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HP Forum Archive 14

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"speed" of 11c
Message #1 Posted by Bram on 24 Aug 2004, 4:58 a.m.

A nice way of getting acquainted with a (new) device is to convert an existing program and get it running. I did so with a program for my HP-29C and ran it on an 11C. It went well, but I was amazed, if not baffled, to notice that the 11C ran at less than half the speed of the 29C. It was the last thing to expect from a 2-generations-younger calculator.

My queens program finds the first solution in about half an hour on a 29C. On both the 20S and 32SII it takes 5 minutes (newer devices), but with an 11C youíll have to wait for more than one hour. I guess this is the *only* drawback of the latter, but a very important one.

(Off topic: On my Psion Series 3mx it takes a mere 2 seconds, although the programming language OPL doesnít even really compile, but this one is a real computer)

      
Re: "speed" of 11c
Message #2 Posted by Valentin Albillo on 24 Aug 2004, 6:40 a.m.,
in response to message #1 by Bram

Bram posted:

"I was amazed, if not baffled, to notice that the 11C ran at less than half the speed of the 29C. It was the last thing to expect from a 2-generations-younger calculator."

Just have a look at their respective power consumptions. One of the main design goals of the Voyager series was to minimize power requirements so that the batteries would last for long and thus a charger/adapter wouldn't be needed at all. They succeeded in spades, with my own HP-11C lasting for 10+ years between battery changes (and 15+ years aren't unheard of). It's amazing that the CPU can still run at such a reasonable speed given the extremely minimal current it draws from its power source.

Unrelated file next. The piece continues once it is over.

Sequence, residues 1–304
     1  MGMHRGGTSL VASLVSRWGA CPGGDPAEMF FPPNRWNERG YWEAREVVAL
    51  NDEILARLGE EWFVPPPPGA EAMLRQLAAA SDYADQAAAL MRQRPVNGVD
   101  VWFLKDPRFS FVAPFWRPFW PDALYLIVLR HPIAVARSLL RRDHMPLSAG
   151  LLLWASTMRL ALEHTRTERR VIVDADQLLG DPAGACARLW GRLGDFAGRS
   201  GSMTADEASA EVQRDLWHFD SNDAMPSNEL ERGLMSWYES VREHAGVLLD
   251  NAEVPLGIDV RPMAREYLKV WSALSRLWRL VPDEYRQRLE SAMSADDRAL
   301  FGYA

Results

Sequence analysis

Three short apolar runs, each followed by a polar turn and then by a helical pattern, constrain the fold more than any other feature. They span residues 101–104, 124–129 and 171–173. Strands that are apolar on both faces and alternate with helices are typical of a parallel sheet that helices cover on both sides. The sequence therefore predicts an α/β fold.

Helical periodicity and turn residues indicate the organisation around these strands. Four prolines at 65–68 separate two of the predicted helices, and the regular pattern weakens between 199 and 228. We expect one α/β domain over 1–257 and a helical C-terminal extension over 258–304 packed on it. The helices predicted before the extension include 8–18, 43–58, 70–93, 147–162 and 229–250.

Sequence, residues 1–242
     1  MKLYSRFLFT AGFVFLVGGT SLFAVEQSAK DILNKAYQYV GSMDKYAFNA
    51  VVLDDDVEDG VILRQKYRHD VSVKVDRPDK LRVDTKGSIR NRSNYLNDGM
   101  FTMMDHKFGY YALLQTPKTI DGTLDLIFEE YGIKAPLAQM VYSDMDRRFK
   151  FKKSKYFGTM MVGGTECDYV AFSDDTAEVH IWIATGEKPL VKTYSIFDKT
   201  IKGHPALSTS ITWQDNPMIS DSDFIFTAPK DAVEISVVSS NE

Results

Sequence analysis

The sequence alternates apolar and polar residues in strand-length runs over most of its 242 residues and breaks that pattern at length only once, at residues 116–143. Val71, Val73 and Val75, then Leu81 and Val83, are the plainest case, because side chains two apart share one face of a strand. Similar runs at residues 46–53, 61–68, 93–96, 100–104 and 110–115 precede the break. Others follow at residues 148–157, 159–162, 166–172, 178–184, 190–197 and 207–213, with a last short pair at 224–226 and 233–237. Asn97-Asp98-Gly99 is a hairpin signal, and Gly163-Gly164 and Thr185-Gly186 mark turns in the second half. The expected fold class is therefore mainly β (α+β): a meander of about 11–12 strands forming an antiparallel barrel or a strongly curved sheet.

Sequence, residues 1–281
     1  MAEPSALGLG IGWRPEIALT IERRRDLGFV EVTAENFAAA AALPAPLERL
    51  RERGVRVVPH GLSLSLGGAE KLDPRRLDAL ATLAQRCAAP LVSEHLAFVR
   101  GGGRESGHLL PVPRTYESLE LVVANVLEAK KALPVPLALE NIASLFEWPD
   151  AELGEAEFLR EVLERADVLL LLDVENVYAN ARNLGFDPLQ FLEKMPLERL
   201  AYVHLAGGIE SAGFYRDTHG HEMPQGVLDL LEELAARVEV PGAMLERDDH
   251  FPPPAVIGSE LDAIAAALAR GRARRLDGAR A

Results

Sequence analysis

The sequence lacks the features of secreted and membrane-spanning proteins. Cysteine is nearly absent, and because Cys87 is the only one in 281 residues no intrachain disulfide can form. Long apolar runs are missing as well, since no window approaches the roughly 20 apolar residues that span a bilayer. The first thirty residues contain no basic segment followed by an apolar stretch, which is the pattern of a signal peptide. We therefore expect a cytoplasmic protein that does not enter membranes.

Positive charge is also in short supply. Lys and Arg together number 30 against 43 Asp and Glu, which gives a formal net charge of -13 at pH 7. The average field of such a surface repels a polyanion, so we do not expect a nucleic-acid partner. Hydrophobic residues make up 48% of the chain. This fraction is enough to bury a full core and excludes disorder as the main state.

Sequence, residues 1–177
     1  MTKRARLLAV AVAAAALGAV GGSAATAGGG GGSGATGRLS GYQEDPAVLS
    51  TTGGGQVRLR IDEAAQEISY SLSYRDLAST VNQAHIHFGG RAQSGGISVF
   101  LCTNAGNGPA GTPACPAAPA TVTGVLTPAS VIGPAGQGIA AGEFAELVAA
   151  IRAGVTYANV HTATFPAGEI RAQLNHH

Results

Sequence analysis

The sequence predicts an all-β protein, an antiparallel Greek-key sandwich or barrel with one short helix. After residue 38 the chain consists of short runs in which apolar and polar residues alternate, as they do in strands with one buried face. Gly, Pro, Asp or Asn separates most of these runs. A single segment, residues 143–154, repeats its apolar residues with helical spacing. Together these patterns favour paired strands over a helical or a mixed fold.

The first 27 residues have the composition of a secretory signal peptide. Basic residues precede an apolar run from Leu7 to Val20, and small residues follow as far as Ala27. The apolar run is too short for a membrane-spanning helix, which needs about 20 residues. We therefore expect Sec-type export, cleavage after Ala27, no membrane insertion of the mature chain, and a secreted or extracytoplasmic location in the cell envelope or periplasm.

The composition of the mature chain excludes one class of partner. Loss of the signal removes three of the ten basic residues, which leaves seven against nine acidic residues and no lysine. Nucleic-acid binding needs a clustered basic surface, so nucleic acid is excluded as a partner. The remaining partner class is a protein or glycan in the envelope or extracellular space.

On the other hand, the HP-29C draws orders of magnitude more power from its batteries and so they'll last just a few hours, at most. Even if you could switch off the display completely (instead of leaving a single "."), they wouldn't last much longer.

I hope this explains the speed difference, and I hope you'll appreciate that even using 1/100th the power, say, it still manages to run at 1/2 the speed.

Best regards from V.

Edited: 24 Aug 2004, 6:44 a.m.

            
Re: "speed" of 11c
Message #3 Posted by Ronald on 24 Aug 2004, 7:41 a.m.,
in response to message #2 by Valentin Albillo

If you want to increase speed, you could replace the timing capacitor in the HP11C with a smaller value, 70% is certainly possible. Althouhh power consumption will increase about linearely, it still gives a very long lifetime of the batteries. I replace the batteries anyhow after a certain period, do not want to risk leakage one day unnoticed.

Ronald

            
Re: "speed" of 11c
Message #4 Posted by Bram on 24 Aug 2004, 10:48 a.m.,
in response to message #2 by Valentin Albillo

Clear answer, Valentin. Thank you.

Would I have been the designer, I strategically wouldn't have made it slower than its predecessors. Still I could have stressed that 5 years battery life is very long. Canít imagine what the sales would have been this way. Prefer not to think about it. ;-)

Iíll leave the device as it is. I have ďtastedĒ the 32SII with alpha display, and I think I will program that one instead. So on the 11C speed isnít really an option. Having it always available and operational however, is.

Edited: 24 Aug 2004, 10:55 a.m.

                  
Re: "speed" of 11c
Message #5 Posted by marais on 24 Aug 2004, 3:24 p.m.,
in response to message #4 by Bram

In fact, according to the 11c user's guide, they only claimed 1 year of battery life. Amazing from today's perspective with all its marketing hype.

      
Re: "speed" of 11c
Message #6 Posted by Katie on 25 Aug 2004, 9:05 a.m.,
in response to message #1 by Bram

What I find even more amazing is that 20+ years later the 12c is still just as slow. It's still bought and used by countless thousands of financial professions who still sit there patiently waiting for the bond price calculations to complete! In my job as a consultant I've been telling these "countless thousands" about the 17Bii for years and they just don't want to change. Speed seems unimportant to them and they never have to think of changing the batteries. The old HP was right (the new HP is virtually never right about anything) to not have worried about slowing down the calculator in order to extend battery life.


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